ftthe Orkfszewskf correlation follows a change in the

observed pressure gradient, whereas the Ha edorn and

Brown correlationdoes not. In our work, t f e Beggs

and Brtll correlation did not do a satisfactory job

of predicting pressure proffles in

goethennal wells

producing steam-watermixtures.

Hydraulic diameter,

d

= 4 x cross-sectionalarea of flow

 

h

wetted perimeter

.

If the casing insfdedfameter is dl and tubing outsfde

dfameter fs dz,

4(m/4)(d12 - d22) = d

‘h =

~(dl + dz)

1

-

d

2

“ ““

““

.(27)

For a 9 5/8-in. nomfnal casfng and 2 3/8-in. nominal

tubfng, dh is calculated to be 0.545 ft.

The hydraulic diameter was used fn calculating Reynold

Number and pipe relative roughness. For calculating

fluid velocftfes, we used the actual cross-sectfonal

area of the annulus.

An examination of FIGURES 9 and 10 shows that no clear

cut chofce can be made as to the best correlation for

annular flow. Thfs statement can bemade for all the

annular flow pressure surveys conducted by us. We

find that whfle Orkiszewski and Hagedorn and Brown

tend to under-predfct the pressure drop, the Beggs and

Brfll correlation has a tendency to over-predict ft.

However, since all the annular flow surveys were run

in a sfnglewell, we donotknow ifour ffndfngwfll

be generally true. We ffnd ourselves in agreement

wfth the conclusion of Sanchez9 that no sufficiently

accurate and precfse method exists for annular flow.

CONCLUSIONS

Based upon the limfted number of flowing pressure sur-

veys conducted, we come to the following conclusions:

  • 1. For predicting flowing pressure proffles fn geo- thenoal wells producing steam and hotwatermfx-

tures, the drkiszewski correlation does a satisfactory

It should be noted that in our cal”culatfonof pressure ~~@n~he Hagedorn and Brown correlation comes a close

proffles, we assumed that all the fluid flows through

the inside of the slotted liner, i.e., there fs no

flow through the open hole-liner annulus.

ANNULAR FLOW

.

2. The Beggs and Brfll correlation did not adequately

predict pressure loss fn these flowing geothermal

wells.

I

We ran several pressure surveys

fn swell

fn whfch flow 3

took place through the 9

5/8-fn. casing2 3/8-fn.

For annular flow in geothermal wells, we cannot

make a definfte chofce of a correlation. Our re-

tubing annulus. The tubing was closed at the top

open at the bottom; ft had

several perforationsat

and

suits show tk~t whfle the Orkiszewski and the Hagedorn

and Brown correlations under-predict the pressure drop

dffferent intervals to

allow pressure conmwnfcationbe- the

Beggs and Brfll correlation over-predicts ft.

tween the casing and the tubing. A bottomhole pressure

recorder was moved up and down the tubing to conduct

  • 4. The Orkiszewski correlation has been used wfth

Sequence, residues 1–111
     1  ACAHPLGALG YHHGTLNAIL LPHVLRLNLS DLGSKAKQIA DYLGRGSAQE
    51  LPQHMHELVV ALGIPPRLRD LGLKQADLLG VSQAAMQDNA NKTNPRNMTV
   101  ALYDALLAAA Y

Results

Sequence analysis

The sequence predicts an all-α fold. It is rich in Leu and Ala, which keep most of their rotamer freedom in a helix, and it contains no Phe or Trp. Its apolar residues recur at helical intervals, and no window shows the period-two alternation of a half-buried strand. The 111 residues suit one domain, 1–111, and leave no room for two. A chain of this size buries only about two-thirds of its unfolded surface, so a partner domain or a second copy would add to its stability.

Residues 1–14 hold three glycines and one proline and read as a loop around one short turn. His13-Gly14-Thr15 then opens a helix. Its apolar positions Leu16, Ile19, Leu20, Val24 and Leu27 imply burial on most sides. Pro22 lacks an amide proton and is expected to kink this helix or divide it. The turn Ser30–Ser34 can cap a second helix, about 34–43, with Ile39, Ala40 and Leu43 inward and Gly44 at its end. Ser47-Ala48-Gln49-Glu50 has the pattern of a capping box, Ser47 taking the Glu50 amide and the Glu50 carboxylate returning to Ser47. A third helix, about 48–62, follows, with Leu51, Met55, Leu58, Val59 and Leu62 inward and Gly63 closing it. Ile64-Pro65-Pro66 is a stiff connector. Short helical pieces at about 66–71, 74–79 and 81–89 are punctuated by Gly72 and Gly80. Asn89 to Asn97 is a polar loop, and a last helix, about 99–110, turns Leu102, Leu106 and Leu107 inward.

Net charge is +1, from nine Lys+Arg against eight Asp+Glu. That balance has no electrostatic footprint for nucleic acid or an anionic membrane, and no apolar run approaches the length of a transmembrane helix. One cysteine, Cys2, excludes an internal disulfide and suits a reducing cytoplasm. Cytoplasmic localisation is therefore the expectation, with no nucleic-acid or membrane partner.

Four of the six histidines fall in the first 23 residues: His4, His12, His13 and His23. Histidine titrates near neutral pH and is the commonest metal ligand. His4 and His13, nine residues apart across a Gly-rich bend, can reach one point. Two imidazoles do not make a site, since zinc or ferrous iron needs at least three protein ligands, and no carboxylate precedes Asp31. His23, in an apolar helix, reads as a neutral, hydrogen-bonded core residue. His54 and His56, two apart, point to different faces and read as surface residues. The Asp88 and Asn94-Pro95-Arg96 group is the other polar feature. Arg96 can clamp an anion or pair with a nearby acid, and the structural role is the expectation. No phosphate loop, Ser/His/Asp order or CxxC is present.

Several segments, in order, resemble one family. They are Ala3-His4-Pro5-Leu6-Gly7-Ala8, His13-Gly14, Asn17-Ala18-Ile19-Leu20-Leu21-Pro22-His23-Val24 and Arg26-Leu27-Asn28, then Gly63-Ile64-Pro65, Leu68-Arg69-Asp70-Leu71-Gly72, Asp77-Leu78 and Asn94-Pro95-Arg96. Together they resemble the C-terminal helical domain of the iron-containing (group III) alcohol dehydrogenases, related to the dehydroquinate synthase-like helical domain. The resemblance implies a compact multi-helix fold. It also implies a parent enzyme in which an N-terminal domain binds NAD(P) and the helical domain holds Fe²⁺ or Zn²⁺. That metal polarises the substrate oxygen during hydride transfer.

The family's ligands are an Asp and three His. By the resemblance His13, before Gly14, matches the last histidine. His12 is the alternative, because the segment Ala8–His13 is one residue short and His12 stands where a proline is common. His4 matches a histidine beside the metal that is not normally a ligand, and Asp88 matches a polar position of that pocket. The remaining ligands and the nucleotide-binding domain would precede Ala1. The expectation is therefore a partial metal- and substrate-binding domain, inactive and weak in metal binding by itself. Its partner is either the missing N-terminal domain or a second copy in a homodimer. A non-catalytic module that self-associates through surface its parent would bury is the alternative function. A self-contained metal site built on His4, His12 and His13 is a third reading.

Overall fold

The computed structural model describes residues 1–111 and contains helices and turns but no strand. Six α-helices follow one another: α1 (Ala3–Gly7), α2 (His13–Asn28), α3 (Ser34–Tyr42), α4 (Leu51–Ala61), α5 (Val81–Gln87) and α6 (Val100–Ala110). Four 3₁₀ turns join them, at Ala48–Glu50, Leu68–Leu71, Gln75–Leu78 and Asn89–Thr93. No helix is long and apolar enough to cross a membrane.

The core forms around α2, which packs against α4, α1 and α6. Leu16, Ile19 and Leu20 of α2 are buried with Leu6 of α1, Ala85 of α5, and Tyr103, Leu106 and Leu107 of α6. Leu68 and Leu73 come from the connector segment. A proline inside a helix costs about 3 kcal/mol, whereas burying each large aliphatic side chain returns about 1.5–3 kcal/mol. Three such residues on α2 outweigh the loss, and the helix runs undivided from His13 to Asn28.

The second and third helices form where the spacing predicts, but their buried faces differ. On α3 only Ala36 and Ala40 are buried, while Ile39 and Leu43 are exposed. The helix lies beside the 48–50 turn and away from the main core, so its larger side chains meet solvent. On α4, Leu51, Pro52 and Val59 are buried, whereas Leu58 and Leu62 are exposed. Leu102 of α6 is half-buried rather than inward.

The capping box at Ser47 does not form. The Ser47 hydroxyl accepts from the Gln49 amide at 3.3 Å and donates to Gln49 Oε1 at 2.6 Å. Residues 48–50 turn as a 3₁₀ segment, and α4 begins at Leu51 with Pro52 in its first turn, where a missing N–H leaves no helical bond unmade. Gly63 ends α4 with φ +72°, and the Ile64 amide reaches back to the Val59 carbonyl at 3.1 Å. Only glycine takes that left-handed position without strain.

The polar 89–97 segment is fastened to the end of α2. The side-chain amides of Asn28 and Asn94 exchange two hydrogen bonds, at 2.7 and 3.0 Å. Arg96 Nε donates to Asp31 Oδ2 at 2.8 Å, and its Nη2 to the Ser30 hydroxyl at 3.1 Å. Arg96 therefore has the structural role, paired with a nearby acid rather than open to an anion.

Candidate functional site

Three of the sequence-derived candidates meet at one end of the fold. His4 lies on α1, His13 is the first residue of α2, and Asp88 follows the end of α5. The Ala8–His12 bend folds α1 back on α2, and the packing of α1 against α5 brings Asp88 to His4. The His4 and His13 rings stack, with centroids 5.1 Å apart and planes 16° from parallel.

the surveys. Although some flow obviously occurred success in predicting geothermal well deliver-

through the tubing because of the perforations,we

that ftwas not an appreciable part of the total

and we assumed the total flow to

be through the

feel abflfty under different wellbore desfgns. Together

flow, with appropriate treatment of solubflity character-

fstics of C02 in water, the Orkiszewski correlation

annulus.

COMPARISON OF CALCULATED AND OBSERVED PRESSURE DROPS

  • 6 IN GEOTHERMAL IIIELLSPRODUCING STEAM-WATER MIXTURES

SPE

-.

-

6766

- . --

can be used to approximate the depth at which scale

deposits will take place in swell as a

wellbore diameter.

function of

  • 5. Our calculations did

not include the effectof

dissolved solids in the water, nor the non-

condensable gas content of the steam. However, the

wellbore fluids in our wells were not lighin

solved solids content.

~OMENCLATURE

c,,

C2 = Parameters used

b =

‘m

‘s

Sg =

s1 =

W=

. Greek Symbols

6

=

Bubblerise velocity, ft/sec

= Mixture velocity, ft/sec

= Slip velocity (differencebetween average gas

fthec

and liquid velocities),

Superficial gas velocity, ft/sec

  • dis- Superficial liquid velocity, ft/sec’ Mass flow rate, lbm/hr

Z = vertical length, ft

to calculate bubble rise

velocity in the Orkiszewski correlation

CNL = A function of liquid viscosity number, NL

a = Thermal diffusivity of earth, ft2/day

Liquid distribution coefficient

  • d = Pipe inside diameter, ft

1

= Casing inside diameter, ft

AL = Input liquid fraction, or no-slip liquid

holdup

d2 = Tubing outside diameter, ft

Vg =

Gas viscosity, cp

h = Hydraulic diameter, ft

e = Absolute pipe roughness, ft

f = Darcy-Weisbachor Moody

friction factor

fn = Non-slip friction factor

f(t) =

A function of time, t (days), since well was

open to flow

ftp

= Two-phase friction factor

  • 9 = Acceleration due to gravity,

32.2

ft/sec2

9C =

Conversion constant, 32.2

lbm-ft/lbf-sec2

~L =

Liquid viscosity, Cp

=

‘m

‘9 =

Mixture viscosity, cp

Gas density, 1bm;ft3

pL = Liquid density, lbm/ft3

pm= Mixture density, lbm/ft3

‘n

= No-slip mixture density, 1bm/ft3

a= Interracial tension, dynes/cm

$=

Secondary correlation factor

HL =

Liquid holdup, fraction

‘B

=

Bubble-slug boundary term

LM = Transition-mistboundary tem

LS =

Slug-transitionboundary term

ND = Pipe diameter n!imber

‘FR = Froude Number

ACKNOWLEDGMENTS

We thank the Management of Union Oil Company of Cali-

fornia for permission to present this paper.

The com-